A PHOTO taken last week with Neville Newell showing the strains of a tough election campaign.
A PHOTO taken last week with Neville Newell showing the strains of a tough election campaign.

Misinformation? played big part


NEVILLE Newell has been in the political wilderness before and now he's back there again.

Labor's defeated Tweed candidate was yesterday relaxing at home outside Murwillumbah and revealed his wife Kylie had already drawn up a list of urgent things for him to do around their bush property.

Before he won the Tweed electorate way back in 1999, Mr Newell spent three years out of the political limelight after losing the federal seat of Richmond.

During that time, he worked as a casual teacher, but yesterday he had not made up his mind about his future, saying only that he would take a long break and "recharge the batteries".

Mr Newell maintained the withdrawal of the Murwillumbah train service was a "minor issue" in determining his political fate.

He argued a Nationals campaign of misinformation had hit home with many voters, including claims that Labor had approved a Terranora quarry, wanted to develop the Jack Evans Boat Harbour, had not delivered any new hospital beds and would create local roads chaos around Sexton Hill.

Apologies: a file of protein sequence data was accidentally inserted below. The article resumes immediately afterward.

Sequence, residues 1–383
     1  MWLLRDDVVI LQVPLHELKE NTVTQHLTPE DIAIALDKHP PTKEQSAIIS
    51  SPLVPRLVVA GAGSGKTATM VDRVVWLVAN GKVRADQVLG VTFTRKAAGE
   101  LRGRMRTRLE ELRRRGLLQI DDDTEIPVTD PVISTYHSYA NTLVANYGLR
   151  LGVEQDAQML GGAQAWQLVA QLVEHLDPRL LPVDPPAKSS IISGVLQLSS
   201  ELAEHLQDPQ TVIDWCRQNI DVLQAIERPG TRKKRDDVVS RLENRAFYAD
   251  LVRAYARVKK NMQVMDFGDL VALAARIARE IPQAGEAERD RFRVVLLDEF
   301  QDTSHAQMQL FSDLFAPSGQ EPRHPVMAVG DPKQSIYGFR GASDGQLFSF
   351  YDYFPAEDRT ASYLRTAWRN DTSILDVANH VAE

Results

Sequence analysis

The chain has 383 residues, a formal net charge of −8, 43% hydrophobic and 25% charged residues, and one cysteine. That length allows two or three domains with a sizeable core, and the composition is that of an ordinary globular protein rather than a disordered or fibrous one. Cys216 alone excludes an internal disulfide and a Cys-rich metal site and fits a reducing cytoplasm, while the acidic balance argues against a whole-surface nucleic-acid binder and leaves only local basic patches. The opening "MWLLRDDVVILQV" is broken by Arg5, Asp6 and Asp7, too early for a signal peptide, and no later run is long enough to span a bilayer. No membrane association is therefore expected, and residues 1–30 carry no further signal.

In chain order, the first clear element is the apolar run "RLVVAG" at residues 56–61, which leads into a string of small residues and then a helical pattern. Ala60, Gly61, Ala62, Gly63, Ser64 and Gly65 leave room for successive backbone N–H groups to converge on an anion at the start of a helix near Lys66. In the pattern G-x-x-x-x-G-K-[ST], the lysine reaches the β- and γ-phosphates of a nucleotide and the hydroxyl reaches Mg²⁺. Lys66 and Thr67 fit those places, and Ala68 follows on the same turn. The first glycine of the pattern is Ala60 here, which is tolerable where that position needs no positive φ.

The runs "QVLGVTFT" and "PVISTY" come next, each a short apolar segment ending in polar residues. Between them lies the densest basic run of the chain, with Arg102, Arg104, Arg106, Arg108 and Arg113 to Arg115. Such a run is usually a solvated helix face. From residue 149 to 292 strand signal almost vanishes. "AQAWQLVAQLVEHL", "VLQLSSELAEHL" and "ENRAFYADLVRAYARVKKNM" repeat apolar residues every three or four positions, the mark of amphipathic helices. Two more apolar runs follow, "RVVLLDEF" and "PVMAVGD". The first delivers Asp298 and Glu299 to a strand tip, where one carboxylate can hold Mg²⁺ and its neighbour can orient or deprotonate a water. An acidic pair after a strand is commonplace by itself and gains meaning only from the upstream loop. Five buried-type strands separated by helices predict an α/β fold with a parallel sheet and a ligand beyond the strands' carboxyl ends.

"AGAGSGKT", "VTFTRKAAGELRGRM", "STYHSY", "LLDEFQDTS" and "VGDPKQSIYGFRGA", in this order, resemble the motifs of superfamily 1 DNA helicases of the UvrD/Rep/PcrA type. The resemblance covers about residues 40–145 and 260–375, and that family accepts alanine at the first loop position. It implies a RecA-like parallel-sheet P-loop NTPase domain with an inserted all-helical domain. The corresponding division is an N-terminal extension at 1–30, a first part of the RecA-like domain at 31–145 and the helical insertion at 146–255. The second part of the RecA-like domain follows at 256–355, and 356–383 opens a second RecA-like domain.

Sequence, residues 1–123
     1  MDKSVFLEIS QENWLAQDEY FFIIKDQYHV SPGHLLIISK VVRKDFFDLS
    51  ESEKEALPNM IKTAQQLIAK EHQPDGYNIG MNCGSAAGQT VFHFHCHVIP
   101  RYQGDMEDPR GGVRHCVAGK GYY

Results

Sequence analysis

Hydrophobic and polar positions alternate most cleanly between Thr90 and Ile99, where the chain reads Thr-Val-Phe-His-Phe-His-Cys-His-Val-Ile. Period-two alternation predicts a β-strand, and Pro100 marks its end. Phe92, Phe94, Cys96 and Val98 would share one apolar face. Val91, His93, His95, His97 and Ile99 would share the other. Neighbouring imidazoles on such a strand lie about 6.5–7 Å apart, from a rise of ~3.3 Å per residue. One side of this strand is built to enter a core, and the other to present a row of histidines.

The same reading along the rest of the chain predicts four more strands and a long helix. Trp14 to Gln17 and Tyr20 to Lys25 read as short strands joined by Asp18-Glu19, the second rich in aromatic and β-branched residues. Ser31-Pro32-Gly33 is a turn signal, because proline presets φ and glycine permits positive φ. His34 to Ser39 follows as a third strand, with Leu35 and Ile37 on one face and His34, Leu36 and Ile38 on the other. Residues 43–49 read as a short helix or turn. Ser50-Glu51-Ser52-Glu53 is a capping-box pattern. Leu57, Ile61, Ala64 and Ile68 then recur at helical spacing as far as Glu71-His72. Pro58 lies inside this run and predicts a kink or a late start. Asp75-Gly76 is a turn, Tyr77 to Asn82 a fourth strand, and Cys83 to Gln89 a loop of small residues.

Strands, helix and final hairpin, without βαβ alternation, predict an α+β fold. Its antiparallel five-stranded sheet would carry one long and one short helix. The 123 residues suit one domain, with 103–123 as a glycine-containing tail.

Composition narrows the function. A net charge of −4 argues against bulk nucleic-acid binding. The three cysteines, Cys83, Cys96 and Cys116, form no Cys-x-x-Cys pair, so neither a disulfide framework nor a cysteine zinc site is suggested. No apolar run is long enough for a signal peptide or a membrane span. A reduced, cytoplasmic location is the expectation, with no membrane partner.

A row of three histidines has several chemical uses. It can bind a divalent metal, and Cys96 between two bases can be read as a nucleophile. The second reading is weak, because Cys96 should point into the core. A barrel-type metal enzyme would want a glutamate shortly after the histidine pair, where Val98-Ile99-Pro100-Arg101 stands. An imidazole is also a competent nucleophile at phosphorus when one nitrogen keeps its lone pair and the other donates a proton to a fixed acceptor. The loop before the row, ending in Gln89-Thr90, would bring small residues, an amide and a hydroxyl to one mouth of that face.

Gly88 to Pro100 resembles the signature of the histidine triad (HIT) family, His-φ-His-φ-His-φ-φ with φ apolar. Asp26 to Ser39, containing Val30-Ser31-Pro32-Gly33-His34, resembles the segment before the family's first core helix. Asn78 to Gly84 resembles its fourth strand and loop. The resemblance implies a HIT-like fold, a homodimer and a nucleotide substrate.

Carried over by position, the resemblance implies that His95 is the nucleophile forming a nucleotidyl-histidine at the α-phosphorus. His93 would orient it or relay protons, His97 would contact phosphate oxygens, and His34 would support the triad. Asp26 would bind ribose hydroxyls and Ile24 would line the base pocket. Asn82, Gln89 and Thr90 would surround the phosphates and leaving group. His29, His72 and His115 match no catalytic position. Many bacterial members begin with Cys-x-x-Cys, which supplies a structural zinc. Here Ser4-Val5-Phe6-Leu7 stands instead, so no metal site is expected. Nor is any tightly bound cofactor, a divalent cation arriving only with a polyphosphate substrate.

"All these things are completely untrue," Mr Newell said.

"But seeing I've come second, I have to say maybe we should have done some things (in the Labor campaign) differently.

"I'm about 2000 votes behind, that's too many to make up."

Mr Newell insisted that the Nationals' Geoff Provest would be unable to provide effective representation in opposition.

"We've lost our voice in government, the Tweed is the big loser in that regard."

Mr Newell said he had been unable to congratulate Mr Provest on his win, but would do so today.

He confirmed he had qualified for the NSW parliamentary superannuation scheme.

Tweed Monitor spokesman Jerry Cornford said the election outcome was "probably the worst result we could have".

"The government did not really support (Mr Newell) on a lot of important local issues," Mr Cornford said.

"But I'd be surprised if they did not punish a new National Party member."

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